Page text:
Antony Rosen, Scott L. Zeger
Antisense oligonucleotides (ASOs) are chemically synthesized nucleic acid analogs designed to bind to RNA by Watson-Crick base pairing. Following binding to the targeted RNA, the ASO perturbs RNA function by promoting selective degradation of the targeted RNA, altering RNA intermediary metabolism, or disrupting function of the RNA. Most antisense drugs are chemically modified to enhance their pharmacological properties and for passive targeting of the tissues of therapeutic interest. Recent advances in selective tissue targeting have resulted in a newer generation of ASO drugs that are more potent and better tolerated than previous generations, spawning renewed interest in identifying selective ligands that enhance targeted delivery of ASOs to tissues.
Punit P. Seth, Michael Tanowitz, C. Frank Bennett
MAPK4 is an atypical MAPK. Currently, little is known about its physiological function and involvement in diseases, including cancer. A comprehensive analysis of 8887 gene expression profiles in The Cancer Genome Atlas (TCGA) revealed that MAPK4 overexpression correlates with decreased overall survival, with particularly marked survival effects in patients with lung adenocarcinoma, bladder cancer, low-grade glioma, and thyroid carcinoma. Interestingly, human tumor MAPK4 overexpression also correlated with phosphorylation of AKT, 4E-BP1, and p70S6K, independent of the loss of PTEN or mutation of PIK3CA. This led us to examine whether MAPK4 activates the key metabolic, prosurvival, and proliferative kinase AKT and mTORC1 signaling, independent of the canonical PI3K pathway. We found that MAPK4 activated AKT via a novel, concerted mechanism independent of PI3K. Mechanistically, MAPK4 directly bound and activated AKT by phosphorylation of the activation loop at threonine 308. It also activated mTORC2 to phosphorylate AKT at serine 473 for full activation. MAPK4 overexpression induced oncogenic outcomes, including transforming prostate epithelial cells into anchorage-independent growth, and MAPK4 knockdown inhibited cancer cell proliferation, anchorage-independent growth, and xenograft growth. We concluded that MAPK4 can promote cancer by activating the AKT/mTOR signaling pathway and that targeting MAPK4 may provide a novel therapeutic approach for cancer.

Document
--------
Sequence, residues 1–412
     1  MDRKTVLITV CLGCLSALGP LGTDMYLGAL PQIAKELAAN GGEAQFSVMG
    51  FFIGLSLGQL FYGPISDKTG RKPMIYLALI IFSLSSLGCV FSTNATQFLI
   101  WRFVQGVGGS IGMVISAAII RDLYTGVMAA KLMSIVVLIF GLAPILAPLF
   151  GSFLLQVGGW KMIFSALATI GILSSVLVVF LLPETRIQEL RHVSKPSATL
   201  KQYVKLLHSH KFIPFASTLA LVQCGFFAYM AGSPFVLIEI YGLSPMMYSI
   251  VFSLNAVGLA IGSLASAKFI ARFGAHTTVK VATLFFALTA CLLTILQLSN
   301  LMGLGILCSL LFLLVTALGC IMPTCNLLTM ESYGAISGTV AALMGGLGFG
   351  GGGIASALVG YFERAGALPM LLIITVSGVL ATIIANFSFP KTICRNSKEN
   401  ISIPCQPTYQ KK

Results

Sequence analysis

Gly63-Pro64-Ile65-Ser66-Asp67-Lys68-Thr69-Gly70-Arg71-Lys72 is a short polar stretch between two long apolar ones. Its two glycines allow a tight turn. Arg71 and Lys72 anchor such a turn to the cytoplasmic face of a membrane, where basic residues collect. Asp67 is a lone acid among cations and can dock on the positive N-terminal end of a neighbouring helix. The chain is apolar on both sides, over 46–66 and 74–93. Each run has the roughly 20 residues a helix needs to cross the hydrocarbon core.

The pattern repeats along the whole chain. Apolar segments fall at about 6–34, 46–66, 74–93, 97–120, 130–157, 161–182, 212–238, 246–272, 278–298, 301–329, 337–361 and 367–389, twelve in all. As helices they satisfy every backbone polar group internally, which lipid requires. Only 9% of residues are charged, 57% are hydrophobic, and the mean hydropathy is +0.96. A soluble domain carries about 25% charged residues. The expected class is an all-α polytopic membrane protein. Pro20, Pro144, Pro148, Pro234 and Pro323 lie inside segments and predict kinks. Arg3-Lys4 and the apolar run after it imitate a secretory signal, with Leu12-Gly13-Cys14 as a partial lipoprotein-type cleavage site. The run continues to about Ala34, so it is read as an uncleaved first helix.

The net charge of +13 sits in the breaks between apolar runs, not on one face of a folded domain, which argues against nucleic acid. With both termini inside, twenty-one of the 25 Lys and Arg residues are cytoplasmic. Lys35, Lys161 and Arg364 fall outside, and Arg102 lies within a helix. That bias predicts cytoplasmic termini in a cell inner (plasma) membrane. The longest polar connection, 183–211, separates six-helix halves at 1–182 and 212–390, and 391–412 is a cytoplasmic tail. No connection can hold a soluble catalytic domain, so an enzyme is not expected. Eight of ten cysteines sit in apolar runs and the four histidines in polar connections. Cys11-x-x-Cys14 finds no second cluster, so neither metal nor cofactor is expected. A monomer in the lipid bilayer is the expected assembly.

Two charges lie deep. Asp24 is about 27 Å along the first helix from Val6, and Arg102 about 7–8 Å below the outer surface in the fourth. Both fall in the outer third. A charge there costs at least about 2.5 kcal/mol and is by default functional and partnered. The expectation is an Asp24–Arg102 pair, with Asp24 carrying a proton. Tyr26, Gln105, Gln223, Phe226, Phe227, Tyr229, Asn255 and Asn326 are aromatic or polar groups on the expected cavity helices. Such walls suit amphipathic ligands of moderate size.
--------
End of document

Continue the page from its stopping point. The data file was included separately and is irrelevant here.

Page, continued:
Wei Wang, Tao Shen, Bingning Dong, Chad J. Creighton, Yanling Meng, Wolong Zhou, Qing Shi, Hao Zhou, Yinjie Zhang, David D. Moore, Feng Yang
Chromosomal integration of genome-intact HIV-1 sequences into the host genome creates a reservoir of virally infected cells that persists throughout life, necessitating indefinite antiretroviral suppression therapy. During effective antiviral treatment, the majority of these proviruses remain transcriptionally silent, but mechanisms responsible for viral latency are insufficiently clear. Here, we used matched integration site and proviral sequencing (MIP-Seq), an experimental approach involving multiple displacement amplification of individual proviral species, followed by near-full-length HIV-1 next-generation sequencing and corresponding chromosomal integration site analysis to selectively map the chromosomal positions of intact and defective proviruses in 3 HIV-1–infected individuals undergoing long-term antiretroviral therapy. Simultaneously, chromatin accessibility and gene expression in autologous CD4+ T cells were analyzed by assays for transposase-accessible chromatin using sequencing (ATAC-Seq) and RNA-Seq. We observed that in comparison to proviruses with defective sequences, intact HIV-1 proviruses were enriched for non-genic chromosomal positions and more frequently showed an opposite orientation relative to host genes. In addition, intact HIV-1 proviruses were preferentially integrated in either relative proximity to or increased distance from active transcriptional start sites and to accessible chromatin regions. These studies strongly suggest selection of intact proviruses with features of deeper viral latency during prolonged antiretroviral therapy, and may be informative for targeting the genome-intact viral reservoir.
Kevin B. Einkauf, Guinevere Q. Lee, Ce Gao, Radwa Sharaf, Xiaoming Sun, Stephane Hua, Samantha M.Y. Chen, Chenyang Jiang, Xiaodong Lian, Fatema Z. Chowdhury, Eric S. Rosenberg, Tae-Wook Chun, Jonathan Z. Li, Xu G. Yu, Mathias Lichterfeld